And I would suggest to my fellow veterans to take advantage of this education, becuase soon they’ll paying for their health care. In fact, we should demand this program pay for grad school as well. Maybe even medical school so we have doctors on our side.

    Bottom Line is this:

    This Bill may seem like its just a third party helping in the costs of veterans health care but its still a step into privatization. Ever since the Reagan administration the GOP has been trying to end the government’s duty of taking care of veterans. Its very scary that the Left’s hate for the military has spilled over to veterans care. If people join the military they need to be guarennteed that they won’t be dicked around after their service. If there’s one group in this country that truly is “entitled” its veterans and especially combat veterans.

    Like I said in my earlier post, veterans need to learn how to fight the special interest politics fight. We need a million man march on Washington DC.

  15. Obama’s VA bill is deeply weird.

    Moving to employment-based health care from national-based health care is the wrong direction, first.

    Having veterans pay for treatment for injuries they received on the job is strange, second.

    This is a departure from what had been a consistent Democratic strategy to increasingly nationalize health care (S-CHIP, etc), so that the final stage would look like a simplification, as opposed to a socialization, third.

    Hence my title of “Confusion.” This does not make sense. Eddie can try to avoid the issue by blaming Republicans, but this is a bill Pelosi and Reid wrote and Obama signed. But it doesn’t fit in with other Democratic priorities. It’s weird.

    Confused.

  16. Dan,
    Please note that I mentioned Bush & Congress (which was Democratic controlled for 4 of Bush’s 8 years and shares full responsibility for it as much as Republicans). I will blame Republicans a bit more though given Bush was in charge for 8 years and did next to nothing on the issue.

    I will second the bit about “confused”. I don’t know what they’re thinking, aside from some wonkish scheme to cut costs (similar to some of the odd cuts and additions they want to make in Medicare and Medicaid).

    Seerov,

    We have an exceptional group of veterans lobbying orgs from IAVA to the American Legion. I would suggest we work together more often (as we did on the GI Bill and on reforming TRICARE) but that may not be possible.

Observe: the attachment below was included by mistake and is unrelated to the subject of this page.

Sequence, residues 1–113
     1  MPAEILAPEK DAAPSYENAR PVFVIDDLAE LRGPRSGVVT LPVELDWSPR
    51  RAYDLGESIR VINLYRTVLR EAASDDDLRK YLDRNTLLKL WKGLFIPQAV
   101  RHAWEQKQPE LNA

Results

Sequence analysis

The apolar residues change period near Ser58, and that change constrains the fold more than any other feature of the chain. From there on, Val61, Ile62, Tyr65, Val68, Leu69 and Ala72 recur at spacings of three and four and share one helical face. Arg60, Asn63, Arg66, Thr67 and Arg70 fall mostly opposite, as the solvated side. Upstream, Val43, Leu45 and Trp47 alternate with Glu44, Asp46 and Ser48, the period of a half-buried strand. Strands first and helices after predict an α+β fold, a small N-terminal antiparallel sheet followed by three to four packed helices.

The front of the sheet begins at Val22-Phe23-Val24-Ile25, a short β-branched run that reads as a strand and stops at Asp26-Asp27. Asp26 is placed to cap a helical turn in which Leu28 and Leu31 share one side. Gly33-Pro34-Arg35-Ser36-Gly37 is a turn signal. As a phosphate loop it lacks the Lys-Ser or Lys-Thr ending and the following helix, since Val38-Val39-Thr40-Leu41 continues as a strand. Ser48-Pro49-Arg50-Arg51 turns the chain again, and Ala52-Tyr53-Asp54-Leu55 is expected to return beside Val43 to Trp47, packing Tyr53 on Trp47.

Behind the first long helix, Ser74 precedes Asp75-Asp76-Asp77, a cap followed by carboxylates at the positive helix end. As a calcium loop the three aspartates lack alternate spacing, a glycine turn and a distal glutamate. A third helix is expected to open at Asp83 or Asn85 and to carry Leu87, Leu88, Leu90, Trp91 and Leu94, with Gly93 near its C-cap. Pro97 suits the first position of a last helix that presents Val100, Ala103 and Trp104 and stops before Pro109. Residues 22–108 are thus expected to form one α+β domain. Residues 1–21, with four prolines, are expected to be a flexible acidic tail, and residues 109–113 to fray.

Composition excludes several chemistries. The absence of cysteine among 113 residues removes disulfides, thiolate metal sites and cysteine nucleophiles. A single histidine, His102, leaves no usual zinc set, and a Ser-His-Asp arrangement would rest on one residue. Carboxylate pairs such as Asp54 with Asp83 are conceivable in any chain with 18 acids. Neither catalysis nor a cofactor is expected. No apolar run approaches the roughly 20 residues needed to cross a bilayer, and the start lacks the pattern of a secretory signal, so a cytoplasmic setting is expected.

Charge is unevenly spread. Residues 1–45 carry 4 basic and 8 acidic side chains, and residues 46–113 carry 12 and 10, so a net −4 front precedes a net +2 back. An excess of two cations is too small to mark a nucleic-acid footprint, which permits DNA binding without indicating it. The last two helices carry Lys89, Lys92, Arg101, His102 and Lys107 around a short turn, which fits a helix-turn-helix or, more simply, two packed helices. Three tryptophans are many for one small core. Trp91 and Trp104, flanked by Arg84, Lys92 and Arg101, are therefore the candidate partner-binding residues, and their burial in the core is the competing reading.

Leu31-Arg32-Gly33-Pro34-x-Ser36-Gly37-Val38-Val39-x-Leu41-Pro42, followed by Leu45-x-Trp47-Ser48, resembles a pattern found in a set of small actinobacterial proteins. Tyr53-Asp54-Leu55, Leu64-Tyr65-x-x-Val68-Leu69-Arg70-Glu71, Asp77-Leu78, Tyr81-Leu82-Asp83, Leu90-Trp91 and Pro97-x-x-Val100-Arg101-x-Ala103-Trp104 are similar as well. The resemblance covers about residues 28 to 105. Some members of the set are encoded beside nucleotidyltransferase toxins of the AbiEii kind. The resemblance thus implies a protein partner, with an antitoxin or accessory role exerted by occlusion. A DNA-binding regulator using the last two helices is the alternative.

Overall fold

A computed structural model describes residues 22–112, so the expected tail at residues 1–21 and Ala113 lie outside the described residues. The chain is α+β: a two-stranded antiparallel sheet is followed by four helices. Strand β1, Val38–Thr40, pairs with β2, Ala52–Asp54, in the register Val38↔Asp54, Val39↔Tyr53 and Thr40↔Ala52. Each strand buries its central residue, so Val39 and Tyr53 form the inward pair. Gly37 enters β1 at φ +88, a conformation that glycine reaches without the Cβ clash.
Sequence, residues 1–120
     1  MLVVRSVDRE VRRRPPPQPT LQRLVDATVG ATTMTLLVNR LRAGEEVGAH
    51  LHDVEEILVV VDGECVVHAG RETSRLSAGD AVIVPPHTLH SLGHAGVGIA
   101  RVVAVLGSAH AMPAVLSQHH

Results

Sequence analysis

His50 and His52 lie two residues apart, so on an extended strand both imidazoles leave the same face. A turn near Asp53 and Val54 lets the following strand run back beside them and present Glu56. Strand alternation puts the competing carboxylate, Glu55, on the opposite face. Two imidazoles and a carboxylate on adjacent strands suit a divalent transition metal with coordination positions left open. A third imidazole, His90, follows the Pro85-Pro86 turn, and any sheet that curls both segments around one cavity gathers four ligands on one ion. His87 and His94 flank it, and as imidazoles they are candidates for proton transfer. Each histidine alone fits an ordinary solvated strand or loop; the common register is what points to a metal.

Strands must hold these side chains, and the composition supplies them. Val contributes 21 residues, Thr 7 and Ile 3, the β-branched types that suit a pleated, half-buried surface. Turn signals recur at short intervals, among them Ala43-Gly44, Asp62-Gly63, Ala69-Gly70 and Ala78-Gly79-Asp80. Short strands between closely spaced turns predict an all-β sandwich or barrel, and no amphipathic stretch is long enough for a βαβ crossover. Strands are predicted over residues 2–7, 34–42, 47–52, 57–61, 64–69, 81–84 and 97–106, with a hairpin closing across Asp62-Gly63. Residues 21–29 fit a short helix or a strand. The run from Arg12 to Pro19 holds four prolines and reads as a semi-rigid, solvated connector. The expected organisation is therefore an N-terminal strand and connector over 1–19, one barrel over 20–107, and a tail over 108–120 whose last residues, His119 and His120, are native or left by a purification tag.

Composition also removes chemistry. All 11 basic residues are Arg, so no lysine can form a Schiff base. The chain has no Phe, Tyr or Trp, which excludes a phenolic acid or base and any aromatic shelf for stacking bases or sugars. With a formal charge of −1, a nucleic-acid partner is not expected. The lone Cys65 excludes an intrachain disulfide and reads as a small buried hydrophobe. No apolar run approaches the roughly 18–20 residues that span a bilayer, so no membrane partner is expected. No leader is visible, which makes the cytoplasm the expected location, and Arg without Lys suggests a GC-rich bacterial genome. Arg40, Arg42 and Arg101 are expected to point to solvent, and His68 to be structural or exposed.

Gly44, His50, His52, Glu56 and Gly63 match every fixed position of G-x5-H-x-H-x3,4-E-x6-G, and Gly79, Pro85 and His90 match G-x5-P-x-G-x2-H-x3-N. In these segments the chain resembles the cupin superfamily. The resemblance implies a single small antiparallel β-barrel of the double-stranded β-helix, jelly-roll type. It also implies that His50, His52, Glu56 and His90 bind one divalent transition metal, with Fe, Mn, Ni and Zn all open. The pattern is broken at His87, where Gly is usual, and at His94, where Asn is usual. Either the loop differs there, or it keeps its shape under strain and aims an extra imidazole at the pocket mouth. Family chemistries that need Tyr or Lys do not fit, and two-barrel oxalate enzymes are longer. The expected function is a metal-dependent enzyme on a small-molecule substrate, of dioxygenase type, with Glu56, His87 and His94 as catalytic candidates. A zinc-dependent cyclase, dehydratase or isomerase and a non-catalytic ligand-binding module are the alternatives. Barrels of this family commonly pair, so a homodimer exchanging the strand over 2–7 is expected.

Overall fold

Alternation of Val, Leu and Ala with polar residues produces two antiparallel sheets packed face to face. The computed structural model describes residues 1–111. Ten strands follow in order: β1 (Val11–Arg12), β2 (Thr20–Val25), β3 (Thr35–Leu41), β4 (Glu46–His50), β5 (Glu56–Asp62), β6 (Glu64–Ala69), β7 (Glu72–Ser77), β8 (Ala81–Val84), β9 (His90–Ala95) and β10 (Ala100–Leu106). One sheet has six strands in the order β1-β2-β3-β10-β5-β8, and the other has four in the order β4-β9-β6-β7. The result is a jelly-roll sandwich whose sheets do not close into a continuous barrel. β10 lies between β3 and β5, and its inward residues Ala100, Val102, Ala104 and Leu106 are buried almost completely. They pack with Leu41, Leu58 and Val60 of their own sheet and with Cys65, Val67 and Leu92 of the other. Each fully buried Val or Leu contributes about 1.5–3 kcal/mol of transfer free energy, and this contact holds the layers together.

Quite frankly, Bush did do it, and I would not blame his successor for most of the problems Bush created until he’s had at least a year or more to try to fix it. The same way it was unfair to blame Bush early on for the messes Clinton created or made far worse with the Palestinians, the North Koreans and the energy sector. After a reasonable while, we can start blaming the inheritors. To blame them from Day One is unreasonable and dooms them to failure. Obama wasn’t the idiot that voted in the 90’s to expand homeownership at all costs or the one who thought unregulated credit default swaps was a great idea. Ditto for him thinking just letting the VA get by on a peacetime mobilization budget and mentality was acceptable during wartime.

  17. Seerov,

    Also, while I share concern about what has been an ongoing attempt to undercut veterans care by politicians, I also think at times veterans have asked for too much and/or been highly unrealistic, especially with budget realities. I don’t want to say they do not deserve it, but at some point other priorities have to take precedence (much like right now) over veterans. This is perhaps immoral and dishonorable (certainly distasteful) but it is the reality of statecraft, as well as of politics in a democracy, especially when we are a dwindling interest group (not nearly as many veterans as there once was).

  18. Obama’s proposal enhances VA healthcare. It’s as simple as that. I have a combat-injured father who has two service-related disabilities. I know this system inside out.

  19. sonofsamphm1c,

    Obama’s proposal enhances VA healthcare. It’s as simple as that.

    Could you explain what you mean?l

  20. Sonofsamphm1c,

    I don’t want to discount your personal, firsthand experience but how do we know that for sure? How do we know that it won’t hurt veterans hiring appeal with private companies?

    Further, why do this now in such a way? It speaks directly to Dan’s point about confusion… it just makes no sense to almost wipe out most of the goodwill Obama had developed with veterans.

    As this news story relates…

    Many veterans had high expectations for Obama after years of battling the Bush administration over benefit cuts and medical concerns such as post-traumatic stress disorder.

    But the VA’s decision to float a potential change in its policy of paying for service-related injuries could signal a quick end to the honeymoon.

    http://primebuzz.kcstar.com/?q=node/17662

  21. It is the veterans groups who are confused, and the media. The proposal would require my father’s private insurance to help pay for the VA’s treatments of my father’s combat wounds. This adds money to the VA’s coffers, and ends the decades long scam of my father’s private insurer charging him full price for a policy that gets out of paying for his combat-related ailments if goes to the VA. For decades, if he went to the VA, they get off scott free.

  22. To clarify: a veteran who does not have employee health insurance, or is self-employed, is in no way impacted by this?